Let’s go to the opposite extreme and have a company that does mostly projects, called a project-oriented organization.   In this case, the project manager is assigned people who are dedicated to that project and work on it full time.   That manager controls the people and the resources needed to get the project done.

Matrix organizations

In between the two extremes of functional, where there is no project manager per se, to the project-oriented, where there is a project manager and that person is given full authority on the project, there are the matrix organizations which are have a project manager, but with somewhat less than total authority.

A weak matrix organization has a project manager, but the authority rests with the functional manager.   A strong matrix organization has a project manager, who has a moderate to high amount of authority.   A balanced matrix organization would essentially have mixed authority shared by the functional and project manager.   For example, authority over the project budget would normally rest with the project manager, but the availability of the human resources taken from the various departments would rest with the functional manager of those departments.

Composite organizations

This is a company that is large enough that is can use a functional organizational structure for some projects, and a matrix or even a project-oriented organizational structure for other projects.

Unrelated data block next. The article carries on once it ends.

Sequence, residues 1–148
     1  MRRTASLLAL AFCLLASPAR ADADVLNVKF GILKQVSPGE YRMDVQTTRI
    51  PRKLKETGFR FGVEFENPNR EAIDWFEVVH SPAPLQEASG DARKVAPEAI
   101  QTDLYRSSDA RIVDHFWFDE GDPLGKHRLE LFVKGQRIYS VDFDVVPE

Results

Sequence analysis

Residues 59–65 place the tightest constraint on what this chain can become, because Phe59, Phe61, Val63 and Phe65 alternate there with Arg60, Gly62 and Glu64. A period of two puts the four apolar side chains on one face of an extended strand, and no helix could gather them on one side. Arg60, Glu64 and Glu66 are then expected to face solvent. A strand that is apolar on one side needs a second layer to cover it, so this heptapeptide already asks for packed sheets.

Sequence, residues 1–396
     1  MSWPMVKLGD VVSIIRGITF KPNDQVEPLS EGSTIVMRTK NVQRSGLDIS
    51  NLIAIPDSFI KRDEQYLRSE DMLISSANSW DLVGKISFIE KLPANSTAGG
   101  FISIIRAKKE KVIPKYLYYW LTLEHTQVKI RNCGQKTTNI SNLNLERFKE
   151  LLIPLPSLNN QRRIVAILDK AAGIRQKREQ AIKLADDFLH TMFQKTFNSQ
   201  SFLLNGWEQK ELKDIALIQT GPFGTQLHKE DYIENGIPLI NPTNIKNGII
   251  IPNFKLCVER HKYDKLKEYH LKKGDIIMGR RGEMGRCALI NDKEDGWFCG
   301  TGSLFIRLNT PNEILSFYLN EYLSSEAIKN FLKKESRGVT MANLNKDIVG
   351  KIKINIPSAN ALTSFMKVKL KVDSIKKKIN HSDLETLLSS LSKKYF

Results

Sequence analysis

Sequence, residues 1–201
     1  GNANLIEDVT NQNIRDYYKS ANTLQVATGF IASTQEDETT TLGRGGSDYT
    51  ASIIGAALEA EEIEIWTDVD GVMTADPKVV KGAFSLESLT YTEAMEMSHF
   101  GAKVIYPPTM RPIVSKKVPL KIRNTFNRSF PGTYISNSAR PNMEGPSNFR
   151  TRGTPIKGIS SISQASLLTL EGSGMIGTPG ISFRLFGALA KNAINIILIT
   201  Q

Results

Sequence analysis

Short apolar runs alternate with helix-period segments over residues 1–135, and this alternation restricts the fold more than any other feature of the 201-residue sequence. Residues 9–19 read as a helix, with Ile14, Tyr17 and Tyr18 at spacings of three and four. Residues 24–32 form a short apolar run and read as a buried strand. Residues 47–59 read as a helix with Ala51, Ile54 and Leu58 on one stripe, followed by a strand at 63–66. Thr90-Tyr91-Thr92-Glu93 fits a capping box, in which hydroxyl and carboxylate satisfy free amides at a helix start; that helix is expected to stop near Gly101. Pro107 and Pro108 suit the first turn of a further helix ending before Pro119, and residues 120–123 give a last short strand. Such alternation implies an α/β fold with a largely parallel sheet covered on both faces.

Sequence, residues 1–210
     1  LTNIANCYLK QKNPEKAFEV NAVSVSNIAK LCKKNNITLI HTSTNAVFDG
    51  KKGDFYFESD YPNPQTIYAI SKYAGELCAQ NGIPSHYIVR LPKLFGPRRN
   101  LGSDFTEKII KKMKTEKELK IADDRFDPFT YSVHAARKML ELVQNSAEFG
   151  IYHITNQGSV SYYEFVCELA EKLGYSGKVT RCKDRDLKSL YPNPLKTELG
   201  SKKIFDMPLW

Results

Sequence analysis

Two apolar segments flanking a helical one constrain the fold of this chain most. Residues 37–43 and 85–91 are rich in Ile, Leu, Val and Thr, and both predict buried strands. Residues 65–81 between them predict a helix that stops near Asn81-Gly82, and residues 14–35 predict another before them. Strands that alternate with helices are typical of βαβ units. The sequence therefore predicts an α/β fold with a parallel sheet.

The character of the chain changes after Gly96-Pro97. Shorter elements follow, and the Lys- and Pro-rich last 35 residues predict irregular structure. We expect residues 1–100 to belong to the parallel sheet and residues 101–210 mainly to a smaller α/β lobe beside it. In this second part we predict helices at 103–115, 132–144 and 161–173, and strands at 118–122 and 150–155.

So the amount of authority a project manager has increases in the following types of organizational structure:

functional → weak matrix → balanced matrix → strong matrix → project-oriented

And a composite organization would mixed the different organizational structure listed above.   In a conversation between Andy Crowe and two other PMPs from his Velociteach corporation, they discussed what type of organizational structure was their favorite to work at as a project manager, and they answered a strong matrix organization.

You would have thought they would have answered a “project-oriented” organizational structure, but here’s the reason why they chose the way they did.   In a strong matrix organization, the authority over the project was almost totally within the purview of the project manager.   However, one of the functions the functional manager served was to handle the human resource related matters related to the project, i.e., monitoring the team sheets of the team members from their department, and taking care of requests for time off, vacations, etc.    In a project-oriented environment, there were no functional managers to speak of, so a project manager had to take on those HR functions as well.   The two PMPs admitted that was NOT a favorite activity of theirs, and so they preferred the strong matrix organizational structure where they didn’t have to worry about any of that, and could concentrate totally on project-oriented activities.

The next variable is the complexity of a project, and this will be the subject of the next post.